Last Day of the Last Furlough Essays

  • Catcher in the Rye Essay: Themes of Society and Growing Up

    1380 Words  | 3 Pages

    Themes of Society and Growing Up in The Catcher in the Rye In reading J.D. Salinger's novel, The Catcher in the Rye, one is compelled to have a very strong reaction to the contents of the book.  Whether that reaction is negative or positive, it is unquestionable that the reader will give the novel a second thought after reading it.  There could be many reasons why this novel has such an impact on the readers.  It may be the use of Salinger's catchy slang phrases, bitingly sarcastic and usually

  • Catcher In The Rye - Holden Caufield

    523 Words  | 2 Pages

    Catcher In The Rye - Holden Caufield Holden Caufield was a high school student at a boy's academy by the name of Pency Prep.  He feels as though he had fought the world and lost, everyone is against him and that little can bring him joy.  He had lost his innocence, and saw himself as a "catcher in the rye", trying to save children from his fate. Holden is quite the eccentric individual.  I say this because of the incident with Sally Hayes where he proclaims his love for her and how

  • The Perfect and the Innocent: Catcher in the Rye by J.D. Salinger

    1330 Words  | 3 Pages

    everything is perfect the way it is where he lives right now. When Phoebe rode the carousel, Holden couldn’t help be crying because she was the house and landscape Holden has been trying to create. She may be getting older, as well as him, but she is the last drop of hope for Holden’s dreams. Holden found out that he shouldn’t try to forget about the horrible things in life, but accept it for what it creates as a guideline of growing up. Works Cited Salinger, Jerome David. The Catcher in the Rye. Boston:

  • The American Teenager in Catcher in the Rye by JD Salinger

    1340 Words  | 3 Pages

    Divya Yagnamurthy Mrs. Cangialosi English 10-H 3 April 2014 Holden and the American Teenager In the 19th century, America consisted of only two phases of life: childhood and adulthood. Children struggled to enjoy their youth and at the same time prepared for the trials and tribulations of the next phase of their lives. The amount of time children spent in school also increased, and parents were waiting a longer time to marry off their children rather than pushing them away at the mere age of sixteen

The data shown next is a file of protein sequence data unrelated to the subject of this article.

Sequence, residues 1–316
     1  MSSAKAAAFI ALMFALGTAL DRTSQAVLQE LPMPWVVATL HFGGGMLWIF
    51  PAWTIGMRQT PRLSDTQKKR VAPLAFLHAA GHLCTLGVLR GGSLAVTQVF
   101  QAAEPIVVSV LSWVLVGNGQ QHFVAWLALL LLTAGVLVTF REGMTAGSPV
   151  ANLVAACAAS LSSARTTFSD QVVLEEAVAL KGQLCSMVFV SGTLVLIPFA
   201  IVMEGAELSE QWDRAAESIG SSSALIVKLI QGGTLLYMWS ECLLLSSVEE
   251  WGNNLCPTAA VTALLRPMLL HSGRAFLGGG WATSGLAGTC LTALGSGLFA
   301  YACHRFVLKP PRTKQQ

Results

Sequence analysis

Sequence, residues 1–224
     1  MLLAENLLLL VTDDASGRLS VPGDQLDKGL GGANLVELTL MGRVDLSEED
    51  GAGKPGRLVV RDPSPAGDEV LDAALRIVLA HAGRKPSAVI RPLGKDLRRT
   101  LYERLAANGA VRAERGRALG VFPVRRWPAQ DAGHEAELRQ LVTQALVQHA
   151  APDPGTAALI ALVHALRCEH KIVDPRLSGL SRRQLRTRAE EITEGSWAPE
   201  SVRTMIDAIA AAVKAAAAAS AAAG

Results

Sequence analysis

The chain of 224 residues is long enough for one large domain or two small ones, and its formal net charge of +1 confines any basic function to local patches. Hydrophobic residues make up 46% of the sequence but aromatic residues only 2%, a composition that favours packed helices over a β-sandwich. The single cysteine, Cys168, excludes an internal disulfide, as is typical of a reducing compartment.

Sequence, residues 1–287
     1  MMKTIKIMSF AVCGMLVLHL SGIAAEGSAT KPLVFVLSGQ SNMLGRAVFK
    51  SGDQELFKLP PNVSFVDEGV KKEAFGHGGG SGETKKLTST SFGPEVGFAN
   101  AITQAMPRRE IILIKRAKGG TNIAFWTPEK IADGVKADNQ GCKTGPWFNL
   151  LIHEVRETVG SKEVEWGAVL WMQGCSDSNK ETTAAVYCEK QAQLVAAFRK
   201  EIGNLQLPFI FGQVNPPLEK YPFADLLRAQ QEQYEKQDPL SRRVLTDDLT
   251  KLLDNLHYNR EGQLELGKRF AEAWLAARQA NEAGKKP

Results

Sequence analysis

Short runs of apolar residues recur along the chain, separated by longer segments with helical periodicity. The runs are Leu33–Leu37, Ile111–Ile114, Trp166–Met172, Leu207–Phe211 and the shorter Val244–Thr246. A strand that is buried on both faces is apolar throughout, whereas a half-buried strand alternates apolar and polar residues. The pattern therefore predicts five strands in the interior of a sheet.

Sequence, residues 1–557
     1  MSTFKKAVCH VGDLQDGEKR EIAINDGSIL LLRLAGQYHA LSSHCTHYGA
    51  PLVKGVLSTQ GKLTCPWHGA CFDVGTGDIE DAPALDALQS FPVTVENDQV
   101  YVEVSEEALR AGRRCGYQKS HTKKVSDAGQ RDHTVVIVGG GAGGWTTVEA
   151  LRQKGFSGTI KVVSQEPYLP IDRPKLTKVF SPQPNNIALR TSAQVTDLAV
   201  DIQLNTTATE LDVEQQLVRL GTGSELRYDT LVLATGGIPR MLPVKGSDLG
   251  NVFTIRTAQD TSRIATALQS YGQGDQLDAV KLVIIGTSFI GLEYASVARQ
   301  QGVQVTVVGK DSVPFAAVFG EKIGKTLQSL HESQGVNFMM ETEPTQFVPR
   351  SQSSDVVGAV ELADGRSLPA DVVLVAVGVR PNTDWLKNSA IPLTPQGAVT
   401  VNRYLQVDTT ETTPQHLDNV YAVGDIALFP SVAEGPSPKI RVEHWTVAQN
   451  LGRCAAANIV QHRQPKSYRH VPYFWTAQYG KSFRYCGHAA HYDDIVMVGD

• The Complexity of Holden Caulfield

    1962 Words  | 4 Pages

    novel, Holden Caulfield deals with a complex variety of emotions that lead to a mental breakdown. In the beginning of the novel he introduces his story as a series of past events. “I’ll just tell you about this madman stuff that happened to me around last Christmas just before I got pretty run-down and had to come out here and take it easy.” (Salinger, p. 1). By the end of the novel the reader can assume he is revisiting the events from a mental institutio... ... middle of paper ... ...Web. 22

  • Holden Caulfield: Bipolar with Multiple Personality Symptoms?

    1115 Words  | 3 Pages

    Does one really know the definition of psychological instability? Perhaps it has an existence at the mental institutional treatment sanitarium here in southern California. The patient of evaluation, Holden Caulfield, a seventeen year old Caucasian male, weighs approximately 120lbs with a skinny, lanky stature and is 6 feet and 2.5 inches tall. Caulfield has crew-cut hair that is graying on the right side. The patient was an occasional drinker and smoker but has now cut cold turkey due to being institutionalized

  • How does J.D Salinger use the character of Holden Caulfield to explore

    2481 Words  | 5 Pages

    character of Holden Caulfield to explore the issues related to growing up? ‘The Catcher in the Rye’ was written in the late 1940’s and first published in a magazine in 1947. The novel is like a bildungsroman but only consists of two and a half days in the life of a 17 year old boy called Holden Caulfield, although he argues that the book is not about his “lousy childhood”. Holden seems to be very conscious of this and doesn’t want it to be “all that David Copperfield kind of crap”. Nevertheless